The large-mouth bass (Micropterus salmoides) is a freshwater game fish in the Centrarchidae (sunfish) family, a species of black bass native to North America. It is known by a variety of regional names, such as the wide-mouth bass, big-mouth bass, black bass, bucket-mouth, largies, Potter's fish, Florida bass, Florida large-mouth, green bass, Green trout, gilsdorf bass, Oswego bass, southern large-mouth and (paradoxically) northern large-mouth, LMB. The large-mouth bass is the state fish of Georgia, Mississippi, and Indiana, the state freshwater fish of Florida and Alabama, and the state sport fish of Tennessee.  

His fish, from Wikipedia:
Menhaden, also known as mossbunker and bunker, are forage fish of the genera Brevoortia and Ethmidium, two genera of marine fish in the family Clupeidae. Menhaden is a blend of poghaden (pogy for short) and an Algonquian word akin to Narragansett munnawhattea├╗g, derived from munnohquohteau ‘he fertilizes’, referring to their use of the fish as fertilizer.  It is generally thought that Pilgrims were advised by Tisquantum (also known as Squanto) to plant menhaden with their crops.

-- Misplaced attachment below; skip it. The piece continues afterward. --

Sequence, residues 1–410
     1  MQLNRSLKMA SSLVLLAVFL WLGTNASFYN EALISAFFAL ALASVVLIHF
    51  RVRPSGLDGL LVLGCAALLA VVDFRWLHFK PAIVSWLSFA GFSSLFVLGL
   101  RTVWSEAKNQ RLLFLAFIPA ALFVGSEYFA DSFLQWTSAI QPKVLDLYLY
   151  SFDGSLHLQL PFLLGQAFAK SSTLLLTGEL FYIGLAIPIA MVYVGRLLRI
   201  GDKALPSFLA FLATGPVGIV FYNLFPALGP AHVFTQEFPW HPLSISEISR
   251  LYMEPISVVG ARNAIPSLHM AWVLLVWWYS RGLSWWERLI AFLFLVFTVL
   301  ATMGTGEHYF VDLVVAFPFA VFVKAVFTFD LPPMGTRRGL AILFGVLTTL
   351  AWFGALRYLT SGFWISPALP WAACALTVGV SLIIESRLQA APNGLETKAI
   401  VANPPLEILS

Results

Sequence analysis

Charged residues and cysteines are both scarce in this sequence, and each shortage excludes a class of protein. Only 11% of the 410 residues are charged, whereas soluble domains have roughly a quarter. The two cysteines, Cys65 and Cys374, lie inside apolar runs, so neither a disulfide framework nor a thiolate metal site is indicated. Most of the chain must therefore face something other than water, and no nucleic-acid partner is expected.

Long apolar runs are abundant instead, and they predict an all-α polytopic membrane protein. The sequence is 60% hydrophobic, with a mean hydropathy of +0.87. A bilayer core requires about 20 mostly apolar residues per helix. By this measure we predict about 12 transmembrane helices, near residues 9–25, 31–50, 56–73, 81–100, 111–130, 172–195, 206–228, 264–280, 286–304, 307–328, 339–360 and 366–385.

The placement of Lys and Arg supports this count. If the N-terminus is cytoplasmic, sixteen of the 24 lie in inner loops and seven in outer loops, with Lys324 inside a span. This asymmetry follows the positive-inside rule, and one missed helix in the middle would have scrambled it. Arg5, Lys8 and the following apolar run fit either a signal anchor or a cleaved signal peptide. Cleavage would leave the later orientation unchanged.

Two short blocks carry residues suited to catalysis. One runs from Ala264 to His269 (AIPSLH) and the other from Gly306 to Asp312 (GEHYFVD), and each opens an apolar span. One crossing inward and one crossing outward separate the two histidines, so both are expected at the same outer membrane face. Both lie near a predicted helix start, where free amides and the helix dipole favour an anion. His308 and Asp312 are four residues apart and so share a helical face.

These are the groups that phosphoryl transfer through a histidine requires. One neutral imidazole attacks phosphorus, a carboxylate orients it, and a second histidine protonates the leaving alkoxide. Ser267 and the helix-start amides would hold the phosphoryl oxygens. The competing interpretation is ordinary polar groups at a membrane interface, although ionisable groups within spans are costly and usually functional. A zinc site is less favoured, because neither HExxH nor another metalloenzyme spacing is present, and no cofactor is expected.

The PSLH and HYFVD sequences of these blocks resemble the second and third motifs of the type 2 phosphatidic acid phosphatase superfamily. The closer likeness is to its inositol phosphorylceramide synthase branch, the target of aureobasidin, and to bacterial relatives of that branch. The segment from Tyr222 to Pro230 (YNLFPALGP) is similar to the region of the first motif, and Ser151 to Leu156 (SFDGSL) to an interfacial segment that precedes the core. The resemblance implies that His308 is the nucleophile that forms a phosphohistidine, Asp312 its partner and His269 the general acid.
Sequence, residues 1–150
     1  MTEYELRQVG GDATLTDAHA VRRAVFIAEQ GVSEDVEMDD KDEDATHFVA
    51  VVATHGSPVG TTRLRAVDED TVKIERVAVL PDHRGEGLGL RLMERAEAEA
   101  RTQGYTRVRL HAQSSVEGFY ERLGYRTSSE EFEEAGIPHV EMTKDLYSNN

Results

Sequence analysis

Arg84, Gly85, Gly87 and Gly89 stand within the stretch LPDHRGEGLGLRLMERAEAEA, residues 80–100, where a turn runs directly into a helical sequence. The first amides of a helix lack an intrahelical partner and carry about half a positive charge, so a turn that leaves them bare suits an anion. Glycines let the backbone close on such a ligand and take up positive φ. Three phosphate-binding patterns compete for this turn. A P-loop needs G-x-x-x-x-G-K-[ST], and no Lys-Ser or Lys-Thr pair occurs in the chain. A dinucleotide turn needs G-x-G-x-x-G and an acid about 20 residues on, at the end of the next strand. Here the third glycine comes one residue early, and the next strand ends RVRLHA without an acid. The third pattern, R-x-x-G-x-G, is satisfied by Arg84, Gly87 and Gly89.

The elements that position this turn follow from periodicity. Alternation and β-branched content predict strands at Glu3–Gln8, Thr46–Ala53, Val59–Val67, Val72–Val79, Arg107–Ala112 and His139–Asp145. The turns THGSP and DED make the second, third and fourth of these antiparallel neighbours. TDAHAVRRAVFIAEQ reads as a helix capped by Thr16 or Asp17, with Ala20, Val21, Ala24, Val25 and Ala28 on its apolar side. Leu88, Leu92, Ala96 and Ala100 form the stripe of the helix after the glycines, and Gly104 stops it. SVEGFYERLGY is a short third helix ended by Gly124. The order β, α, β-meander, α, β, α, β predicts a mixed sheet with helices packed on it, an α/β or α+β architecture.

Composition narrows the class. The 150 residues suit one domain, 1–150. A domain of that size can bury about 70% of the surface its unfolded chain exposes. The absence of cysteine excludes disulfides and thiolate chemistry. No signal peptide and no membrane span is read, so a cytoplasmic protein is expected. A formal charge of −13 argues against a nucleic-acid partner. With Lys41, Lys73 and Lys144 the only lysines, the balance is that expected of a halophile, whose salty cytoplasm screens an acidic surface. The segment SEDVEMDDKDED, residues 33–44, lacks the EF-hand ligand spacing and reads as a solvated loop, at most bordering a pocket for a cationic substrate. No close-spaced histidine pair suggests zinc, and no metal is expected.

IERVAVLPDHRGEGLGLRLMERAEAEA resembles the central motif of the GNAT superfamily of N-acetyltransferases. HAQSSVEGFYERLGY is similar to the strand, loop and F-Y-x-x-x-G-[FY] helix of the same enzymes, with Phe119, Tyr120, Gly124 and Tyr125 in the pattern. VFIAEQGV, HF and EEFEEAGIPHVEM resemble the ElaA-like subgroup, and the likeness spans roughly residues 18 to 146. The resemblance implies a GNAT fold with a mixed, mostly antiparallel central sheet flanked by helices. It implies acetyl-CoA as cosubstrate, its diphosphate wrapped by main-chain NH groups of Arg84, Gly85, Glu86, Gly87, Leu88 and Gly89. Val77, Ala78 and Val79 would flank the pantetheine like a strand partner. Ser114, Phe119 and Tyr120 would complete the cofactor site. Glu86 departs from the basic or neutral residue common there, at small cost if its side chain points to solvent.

I'm taking my brother's word for this.  He's the fisherman in the family, now that Dad is gone.  (And Tim has always been the one I thought was most like Dad.)

So thanks for bringing that up, Tim.  However, I think the creatives in the publicity department may have been going for an even more subtle joke than just that hers is bigger than his.

I think they knew it was from a different ecosystem.  Maybe Mike Baxter bought it from the store, just to have it on standby in case he didn't catch anything.  But he probably only was shopping for size and didn't consider its origin.  But even if it was a fresh-water fish that he bought, his wife Vanessa still showed him up with the size of her catch.

So there's Tim's contribution to my vision of the TV Universe.  I'm sure there'll be more someday....

Happy birthday, Timothy Ticklepepper!